its like you have read my mind love the site

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Jeannie July 15, 2011 at 5:09 pm

You seem to have a great spirit! Thanks for sharing and all your good advices, for the time you dedicate to others making their lives easier ;-)

I’ll anal. !

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Ellen October 6, 2011 at 3:55 am

Great tips, all. Mine would be to learn as much of the local language as you can. Not only does it make everything easier, it also makes a ver strong impression on people you meet. You set yourself apart from all those obnoxious tourists you wrote about in another post. It’s also the fastest way to get rid of the touts.

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Ryan Clark November 16, 2011 at 10:38 am

You hit on the nose so hard you probably broke it! That is the best advice and you laid it out very clearly. Bet you know this, but I usually think what a normal tourist would do and then NOT do that, it makes for the best experiences. Happy Traveling!

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PJ January 11, 2012 at 6:15 am

I always carry a basic First Aid kit, but use local “medicine” where possible. But I’ve never had a real emergency, just an excited tummy or two. Blisters and small cuts respond well to 4711 perfume. 30 Plus Sunscreen from morning to night and a hat? What more would I need? Oh, sorry, I can’t relax without a book or two as well. Fortunately, readers are always happy to swap.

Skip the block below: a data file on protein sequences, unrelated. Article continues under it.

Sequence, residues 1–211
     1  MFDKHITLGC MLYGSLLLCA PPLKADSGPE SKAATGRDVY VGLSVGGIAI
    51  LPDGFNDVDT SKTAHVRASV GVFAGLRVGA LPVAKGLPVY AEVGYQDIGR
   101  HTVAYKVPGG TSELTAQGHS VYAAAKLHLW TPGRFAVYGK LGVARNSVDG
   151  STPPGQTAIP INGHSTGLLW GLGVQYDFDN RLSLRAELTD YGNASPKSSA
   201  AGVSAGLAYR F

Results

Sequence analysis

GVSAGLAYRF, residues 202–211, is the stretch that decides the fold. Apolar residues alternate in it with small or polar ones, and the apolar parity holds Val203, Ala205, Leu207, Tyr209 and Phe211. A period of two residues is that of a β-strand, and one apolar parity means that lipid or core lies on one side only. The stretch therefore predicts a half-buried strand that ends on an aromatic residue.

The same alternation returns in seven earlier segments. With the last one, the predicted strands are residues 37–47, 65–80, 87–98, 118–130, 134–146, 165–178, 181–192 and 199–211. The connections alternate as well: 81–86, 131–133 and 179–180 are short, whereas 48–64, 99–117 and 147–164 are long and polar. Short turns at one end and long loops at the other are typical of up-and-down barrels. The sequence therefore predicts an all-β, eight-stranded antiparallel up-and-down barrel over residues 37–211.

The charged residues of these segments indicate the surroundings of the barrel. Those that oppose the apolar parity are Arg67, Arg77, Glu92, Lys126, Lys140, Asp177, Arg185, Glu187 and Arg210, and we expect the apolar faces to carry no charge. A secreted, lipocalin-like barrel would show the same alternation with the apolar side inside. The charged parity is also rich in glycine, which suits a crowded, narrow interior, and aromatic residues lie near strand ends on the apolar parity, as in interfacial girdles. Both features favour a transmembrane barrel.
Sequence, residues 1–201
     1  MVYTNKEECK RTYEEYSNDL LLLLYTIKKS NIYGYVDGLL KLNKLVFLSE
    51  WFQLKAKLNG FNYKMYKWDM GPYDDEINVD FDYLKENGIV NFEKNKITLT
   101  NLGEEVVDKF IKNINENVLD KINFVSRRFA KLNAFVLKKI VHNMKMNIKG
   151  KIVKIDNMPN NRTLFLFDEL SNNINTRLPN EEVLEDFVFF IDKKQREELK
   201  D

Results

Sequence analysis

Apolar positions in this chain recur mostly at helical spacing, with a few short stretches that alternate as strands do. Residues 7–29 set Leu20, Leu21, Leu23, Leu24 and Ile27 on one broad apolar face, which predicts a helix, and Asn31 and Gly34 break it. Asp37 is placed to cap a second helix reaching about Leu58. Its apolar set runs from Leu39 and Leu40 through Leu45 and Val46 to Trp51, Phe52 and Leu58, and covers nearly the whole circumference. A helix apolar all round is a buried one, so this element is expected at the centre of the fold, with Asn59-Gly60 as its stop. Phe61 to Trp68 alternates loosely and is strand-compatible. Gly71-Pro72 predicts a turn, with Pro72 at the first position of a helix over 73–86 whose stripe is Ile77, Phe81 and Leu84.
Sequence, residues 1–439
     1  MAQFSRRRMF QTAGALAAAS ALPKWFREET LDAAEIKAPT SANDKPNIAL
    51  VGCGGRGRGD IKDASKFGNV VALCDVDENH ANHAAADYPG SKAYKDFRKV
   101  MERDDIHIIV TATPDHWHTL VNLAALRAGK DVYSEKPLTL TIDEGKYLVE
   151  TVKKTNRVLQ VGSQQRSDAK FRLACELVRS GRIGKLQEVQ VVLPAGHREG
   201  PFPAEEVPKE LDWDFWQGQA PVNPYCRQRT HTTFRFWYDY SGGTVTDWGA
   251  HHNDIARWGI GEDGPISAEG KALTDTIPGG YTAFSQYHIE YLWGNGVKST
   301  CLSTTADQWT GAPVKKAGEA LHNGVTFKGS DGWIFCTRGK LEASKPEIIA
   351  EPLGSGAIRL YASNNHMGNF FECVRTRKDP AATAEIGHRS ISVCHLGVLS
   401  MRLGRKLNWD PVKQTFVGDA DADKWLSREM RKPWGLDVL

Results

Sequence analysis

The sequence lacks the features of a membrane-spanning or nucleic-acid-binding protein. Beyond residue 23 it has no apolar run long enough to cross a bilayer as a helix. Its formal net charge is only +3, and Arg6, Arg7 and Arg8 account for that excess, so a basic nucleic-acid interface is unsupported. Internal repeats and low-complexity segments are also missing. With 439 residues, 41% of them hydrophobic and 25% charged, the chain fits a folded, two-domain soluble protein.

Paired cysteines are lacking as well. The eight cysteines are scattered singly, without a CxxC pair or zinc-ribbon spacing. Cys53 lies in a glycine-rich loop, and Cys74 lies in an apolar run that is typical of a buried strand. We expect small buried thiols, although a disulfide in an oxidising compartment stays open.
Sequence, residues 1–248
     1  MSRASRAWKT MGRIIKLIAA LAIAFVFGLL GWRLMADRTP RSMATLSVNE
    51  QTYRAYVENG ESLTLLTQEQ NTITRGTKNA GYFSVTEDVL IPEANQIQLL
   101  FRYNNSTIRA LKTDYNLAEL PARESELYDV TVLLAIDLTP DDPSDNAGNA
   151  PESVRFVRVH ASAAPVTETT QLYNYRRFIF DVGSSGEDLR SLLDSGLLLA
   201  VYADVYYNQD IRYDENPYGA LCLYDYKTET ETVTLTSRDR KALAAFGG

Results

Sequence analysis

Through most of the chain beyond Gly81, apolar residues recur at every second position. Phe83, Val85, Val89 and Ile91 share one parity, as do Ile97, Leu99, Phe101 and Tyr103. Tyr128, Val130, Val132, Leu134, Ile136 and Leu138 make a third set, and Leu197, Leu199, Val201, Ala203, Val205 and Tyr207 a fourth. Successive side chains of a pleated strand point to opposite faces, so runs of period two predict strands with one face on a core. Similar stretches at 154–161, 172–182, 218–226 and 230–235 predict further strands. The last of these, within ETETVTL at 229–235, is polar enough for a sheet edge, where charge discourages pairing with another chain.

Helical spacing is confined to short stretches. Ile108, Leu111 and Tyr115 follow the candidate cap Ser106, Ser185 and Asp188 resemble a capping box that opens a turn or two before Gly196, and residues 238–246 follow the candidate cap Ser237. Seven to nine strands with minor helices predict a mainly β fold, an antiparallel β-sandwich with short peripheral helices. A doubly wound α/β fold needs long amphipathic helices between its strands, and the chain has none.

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wes January 11, 2012 at 1:50 pm

I do the same. I use it so rarely that half of the bandaids don’t work anymore :/

A good pair of tweezers (like you find at REI) are handy for splinters, etc.I also pick up some antibiotics in different flavors as soon as I can.

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valerie smith July 27, 2014 at 10:20 pm

Hi, i went to pattaya 8 years ago,very lovely,but a poor place,i now want to go back to thailand in nov,but not sure where to go,want the cultcher,shopping,sights ,but not to go to the exspensive part,anybody can you advice me,ive just turned 60,got a lot of go in me i need an adventure.